Question 4

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There ought to be a question about machine intelligence – the Drones and Minds. Is it a problem for the Culture that the Minds (such as ship Minds and the orbital Hub) have almost incomparably superior intelligence in comparison to people?

Also, is there anything else you'd like to talk about on this topic?

Comments

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    Seems to me that one of the post-scarcity features is that both people and Minds have become accustomed to this situation, to the point where it doesn't bother either group. It's almost as though there are two Cultures, one for each.

    Player of Games contains relatively little which you might term from a Mind's perspective (excluding the fact that the whole narrative is from the POV of a drone). Some of the other Culture books - I'm thinking Excession at last, and probably others) have much more of it.

    My guess is that Iain Banks initially intended to have a largely person-centred perspective, but after a while wanted to explore a Mind-centred one too. Hence the shift in later books.

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    It's obviously not a problem for the Culture because the Culture is being successful. I think it rests on what the Culture is for. It's not about expansion, efficiency, or other such capitalist-inspired value judgements. If that were the case, the Minds would get rid of all the humans and you'd be left with just a few Minds controlling much of the galaxy. Instead, the Culture is about happiness and fulfilment of its citizens. Why run a donkey sanctuary? You don't do it because of the value created by the donkeys; you do it because it makes the donkeys happy. It's a similar situation with the Minds keeping the humans around.

    As for story-telling, it makes things hard. The Minds are so much more intelligent, there's no way for mere humans to understand what they're doing or why. They also have different glands, so their emotions are different, with different causes and effects . That makes it hard to tell stories about them and what they do. IIRC, Excession came about because the fans wanted a Mind-based book. It's not a very good book.

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    I find this compelling in some ways. One thought is spurs is "what if the minds are really just a single mind which uses multiple points of contact to connect with the human race". The MIND then, is a supreme being with different aspects (like Greek gods - the God and The Devil?) manipulating its playthings in a more or less open world simulation. I think there's a fair bit of potential in there. Especially if we consider that The MIND might be insane.

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    > @Apocryphal said:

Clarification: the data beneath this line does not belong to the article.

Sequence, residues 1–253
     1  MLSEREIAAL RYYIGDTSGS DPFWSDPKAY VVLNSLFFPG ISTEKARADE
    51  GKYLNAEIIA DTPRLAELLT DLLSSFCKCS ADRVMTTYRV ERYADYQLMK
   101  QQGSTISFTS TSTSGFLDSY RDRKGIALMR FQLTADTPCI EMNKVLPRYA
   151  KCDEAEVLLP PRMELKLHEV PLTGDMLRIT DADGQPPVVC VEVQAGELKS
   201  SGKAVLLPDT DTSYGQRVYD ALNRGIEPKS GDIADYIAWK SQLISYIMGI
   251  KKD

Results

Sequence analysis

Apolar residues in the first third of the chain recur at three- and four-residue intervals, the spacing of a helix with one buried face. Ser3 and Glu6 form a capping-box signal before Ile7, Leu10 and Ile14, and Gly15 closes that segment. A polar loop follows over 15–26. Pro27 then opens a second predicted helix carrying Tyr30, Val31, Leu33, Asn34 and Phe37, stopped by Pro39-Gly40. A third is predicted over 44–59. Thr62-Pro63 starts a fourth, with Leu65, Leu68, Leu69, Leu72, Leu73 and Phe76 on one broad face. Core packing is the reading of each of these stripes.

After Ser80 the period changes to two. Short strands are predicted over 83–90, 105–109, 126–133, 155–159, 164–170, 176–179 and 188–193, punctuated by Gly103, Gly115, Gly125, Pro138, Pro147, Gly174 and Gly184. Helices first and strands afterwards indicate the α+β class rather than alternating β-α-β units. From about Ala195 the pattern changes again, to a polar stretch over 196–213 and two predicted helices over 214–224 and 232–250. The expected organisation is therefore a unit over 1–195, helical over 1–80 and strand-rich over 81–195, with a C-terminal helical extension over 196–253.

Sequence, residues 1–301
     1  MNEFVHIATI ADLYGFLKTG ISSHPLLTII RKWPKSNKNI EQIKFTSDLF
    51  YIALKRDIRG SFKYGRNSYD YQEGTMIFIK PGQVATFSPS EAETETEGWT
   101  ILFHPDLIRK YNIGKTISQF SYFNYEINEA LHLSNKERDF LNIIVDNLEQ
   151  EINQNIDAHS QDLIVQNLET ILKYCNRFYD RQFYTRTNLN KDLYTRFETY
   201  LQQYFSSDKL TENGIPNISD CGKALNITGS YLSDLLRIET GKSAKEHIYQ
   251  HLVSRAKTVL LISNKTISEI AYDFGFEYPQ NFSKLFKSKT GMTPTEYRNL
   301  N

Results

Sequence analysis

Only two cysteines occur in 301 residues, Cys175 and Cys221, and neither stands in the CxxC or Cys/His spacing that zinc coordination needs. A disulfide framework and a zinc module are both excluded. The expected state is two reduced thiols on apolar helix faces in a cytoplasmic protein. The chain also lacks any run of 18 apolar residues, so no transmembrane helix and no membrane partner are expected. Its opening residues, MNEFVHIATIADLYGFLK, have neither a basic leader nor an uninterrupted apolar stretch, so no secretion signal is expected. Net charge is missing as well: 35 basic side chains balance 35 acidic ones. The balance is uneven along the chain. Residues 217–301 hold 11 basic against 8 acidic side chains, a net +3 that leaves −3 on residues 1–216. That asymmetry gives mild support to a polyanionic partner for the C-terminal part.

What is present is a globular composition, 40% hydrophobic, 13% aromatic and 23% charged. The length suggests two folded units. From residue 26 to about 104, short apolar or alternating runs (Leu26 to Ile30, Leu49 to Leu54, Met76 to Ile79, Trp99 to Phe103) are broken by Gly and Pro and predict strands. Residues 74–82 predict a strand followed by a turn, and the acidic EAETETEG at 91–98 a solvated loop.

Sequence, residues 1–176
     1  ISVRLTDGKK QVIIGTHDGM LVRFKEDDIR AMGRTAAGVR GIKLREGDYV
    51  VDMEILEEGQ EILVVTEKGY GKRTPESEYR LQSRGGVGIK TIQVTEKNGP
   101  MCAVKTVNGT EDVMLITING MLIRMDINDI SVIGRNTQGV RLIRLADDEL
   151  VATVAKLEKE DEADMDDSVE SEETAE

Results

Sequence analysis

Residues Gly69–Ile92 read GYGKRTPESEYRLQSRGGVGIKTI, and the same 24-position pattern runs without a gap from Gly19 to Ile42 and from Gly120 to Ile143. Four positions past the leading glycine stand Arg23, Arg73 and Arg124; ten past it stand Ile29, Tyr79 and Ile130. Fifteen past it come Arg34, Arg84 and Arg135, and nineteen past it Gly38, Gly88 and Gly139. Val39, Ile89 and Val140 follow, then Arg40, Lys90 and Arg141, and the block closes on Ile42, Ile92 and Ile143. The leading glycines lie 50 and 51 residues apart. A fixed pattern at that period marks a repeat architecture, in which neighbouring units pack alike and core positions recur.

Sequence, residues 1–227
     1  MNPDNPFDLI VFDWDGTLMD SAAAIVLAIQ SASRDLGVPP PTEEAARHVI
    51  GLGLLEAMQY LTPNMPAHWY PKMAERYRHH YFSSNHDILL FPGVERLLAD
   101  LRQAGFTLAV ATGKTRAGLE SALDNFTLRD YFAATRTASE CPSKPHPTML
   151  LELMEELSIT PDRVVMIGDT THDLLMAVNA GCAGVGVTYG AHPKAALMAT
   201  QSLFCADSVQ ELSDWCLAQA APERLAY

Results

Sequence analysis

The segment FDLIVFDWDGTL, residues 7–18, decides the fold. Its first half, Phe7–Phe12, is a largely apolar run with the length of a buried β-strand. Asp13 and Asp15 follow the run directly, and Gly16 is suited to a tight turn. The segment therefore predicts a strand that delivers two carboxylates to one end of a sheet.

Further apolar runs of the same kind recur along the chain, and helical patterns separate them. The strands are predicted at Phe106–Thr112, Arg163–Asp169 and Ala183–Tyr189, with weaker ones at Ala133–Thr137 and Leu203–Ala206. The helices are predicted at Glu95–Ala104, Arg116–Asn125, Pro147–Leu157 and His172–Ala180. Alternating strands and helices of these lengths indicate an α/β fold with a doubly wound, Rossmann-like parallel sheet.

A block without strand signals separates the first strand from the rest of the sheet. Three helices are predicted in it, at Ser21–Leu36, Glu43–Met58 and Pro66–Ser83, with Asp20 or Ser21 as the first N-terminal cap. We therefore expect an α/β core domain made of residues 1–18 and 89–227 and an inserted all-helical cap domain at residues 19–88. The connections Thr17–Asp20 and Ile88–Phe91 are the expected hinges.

> .... Especially if we consider that The MIND might be insane.

    Which was sort-of the premise behind Consider Phlebas (but without the interlinking of all Minds)
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    This is, btw, my first Culture book. I did read The Algebraist once many years ago, but I seem to recall that's not a Culture novel.

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    > @Apocryphal said:
    > This is, btw, my first Culture book. I did read The Algebraist once many years ago, but I seem to recall that's not a Culture novel.

    I think The Algebraist is supposed to be set before the Culture came into being. That was kind of spoiled for me because the Big Idea seemed very obvious to me on gravitational grounds early on in the story, and I kept thinking I must be missing something.
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    Excession is interesting. I didn't much like it when I first read it, but on a reread I found it far better. Not so much for the main story but the smaller stories and characters out there.

    As for the universal presence of machine intelligence, and a partnership with humans (in later books termed panhumanity - they're pretty much human but varied) as well as the superior Minds - that's pretty much the definition of the Culture. I don't think Consider Phlebas is a completely successful book, but the protagonist is from an outside the Culture and views them as enslaved by the machines.

    But the Minds are fundamentally moral beings, by design and intelligence, out for the interest of all sentients - though perhaps only in the big picture.
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    The Culture is successful for it's people because the Minds are it people and the Minds run it. The people are the mice that live in the walls. :D

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    Based solely on this book, I guess the most devious part of the Minds and the Drones is how the Drones appear to be individuals, but actually work in concert with the goals of the Minds to manipulate humans, or at least Gurgeh. I mean, three of the Drones are all the same being (Mawhrin-Skel / Loash / Flere-Imsaho) and even kindly old Chamblis participates in the deception by taking away the “remains” of Mawhrin-Skel so that Gurgeh cannot examine them. Once you think of it, they seem like individuals, but their not.

    That’s probably how Culture people seem to outsiders, though.

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